In this article, we’ve dwelt on two vet specializations; vet tech and vet assistant. The objective is to highlight the differences between them.
This is in response to confusion in distinguishing one specialist from the other. This article is for you if you’ve had such disorders, determining each role.
Vet Tech vs. Vet Assistant
The veterinary practice relies on many vet specialists trained in a specific area or field.
These handle all aspects of the practice, thus providing optimal medical care. Vet professionals work in a variety of settings that include farms, research labs, and zoos, amongst other places.
Before we get into details on the differences between vet tech and vet assistance, it will be proper to give you an idea of how diverse the field is.
Asides from these two specialties, others include animal welfare, anesthesia & analgesia, clinical pharmacology, and behavioral medicine.
More vet specialties include dermatology, dentistry, internal medicine, emergency & critical care, microbiology, and laboratory animal medicine.
Other specialties include ophthalmology, nutrition, poultry vet medicine, pathology, radiology, preventive medicine, sports medicine & rehabilitation.
There are more vet specialties like species-specialized vet practice, theriogenology, surgery, zoological medicine, and toxicology.
While there are trained specialists for each of these, we’re more interested in discussing two of those mentioned earlier; vet tech and vet assistant.
Veterinary Technician vs. Veterinary Assistant
One thing that’s not in doubt is the contribution of both vet techs and vet assistants to veterinary medicine.
Vet techs assist licensed veterinarians with a whole range of tasks. Their roles (vet techs) can be compared to those of nurses, customer service reps, etc.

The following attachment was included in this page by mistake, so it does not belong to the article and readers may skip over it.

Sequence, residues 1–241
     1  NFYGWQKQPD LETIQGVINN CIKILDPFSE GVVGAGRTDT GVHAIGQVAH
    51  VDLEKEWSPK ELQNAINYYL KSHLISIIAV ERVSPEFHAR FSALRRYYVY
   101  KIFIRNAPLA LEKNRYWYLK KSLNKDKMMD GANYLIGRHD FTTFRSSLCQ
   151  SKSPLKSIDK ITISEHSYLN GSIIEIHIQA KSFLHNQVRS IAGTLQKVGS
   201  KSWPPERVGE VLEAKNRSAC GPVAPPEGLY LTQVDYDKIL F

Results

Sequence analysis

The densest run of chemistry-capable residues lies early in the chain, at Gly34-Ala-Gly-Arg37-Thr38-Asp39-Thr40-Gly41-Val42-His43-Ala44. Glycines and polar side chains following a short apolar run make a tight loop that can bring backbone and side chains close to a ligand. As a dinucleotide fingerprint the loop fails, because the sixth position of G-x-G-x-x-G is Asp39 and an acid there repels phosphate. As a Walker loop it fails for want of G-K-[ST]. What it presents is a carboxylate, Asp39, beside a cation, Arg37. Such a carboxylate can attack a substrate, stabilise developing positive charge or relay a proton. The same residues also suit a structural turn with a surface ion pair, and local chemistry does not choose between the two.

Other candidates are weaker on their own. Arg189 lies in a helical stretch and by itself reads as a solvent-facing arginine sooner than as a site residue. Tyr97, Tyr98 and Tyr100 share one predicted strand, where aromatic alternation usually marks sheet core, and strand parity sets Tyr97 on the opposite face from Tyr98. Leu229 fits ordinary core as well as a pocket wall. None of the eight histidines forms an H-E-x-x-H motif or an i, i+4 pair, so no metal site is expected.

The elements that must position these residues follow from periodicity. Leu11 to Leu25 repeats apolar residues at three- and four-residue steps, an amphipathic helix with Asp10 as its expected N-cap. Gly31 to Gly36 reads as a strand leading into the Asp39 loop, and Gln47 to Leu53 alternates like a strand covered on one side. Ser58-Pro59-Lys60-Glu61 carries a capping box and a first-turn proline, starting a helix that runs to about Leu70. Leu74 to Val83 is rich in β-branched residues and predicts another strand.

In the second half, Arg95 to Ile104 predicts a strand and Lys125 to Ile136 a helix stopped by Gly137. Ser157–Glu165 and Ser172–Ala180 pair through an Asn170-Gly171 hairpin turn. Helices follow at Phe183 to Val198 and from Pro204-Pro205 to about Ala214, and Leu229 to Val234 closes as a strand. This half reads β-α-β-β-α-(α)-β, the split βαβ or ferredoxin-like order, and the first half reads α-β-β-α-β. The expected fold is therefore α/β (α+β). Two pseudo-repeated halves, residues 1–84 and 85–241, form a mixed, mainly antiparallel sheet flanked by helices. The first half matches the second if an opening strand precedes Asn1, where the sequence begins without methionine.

To be more specific, vet techs assist vets with diagnosing and treating animals. They work in various settings, including research facilities, private clinics, and animal hospitals.
Like other professionals within vet practice, the overall objective of vet techs is animal health and welfare.
Vet assistants, on the other hand, provide a whole range of support services to professionals like vets, technologists, and technicians.
Also called vet aids, these professionals carry out a wide range of duties, including monitoring and caring for animals after surgery.
Vet Techs and Vet Assistants: Know the Differences
To start our discussion, it’s important first to point out the different points of comparison we’ll be using to distinguish vet techs from vet assistants.
These include the pay rate, education, licensing, training, specialty areas, duties, and job outlook.
i. Pay Rate
This is one of the points of distinction between vet techs and vet assistants. Overall, vet techs tend to earn higher annual salaries compared to vet assistants.
However, the difference isn’t that significant. The higher pay vet techs receive is attributed to additional educational requirements.
The journey to becoming a vet tech tends to be more demanding educationally, plus these professionals mainly handle more technical roles.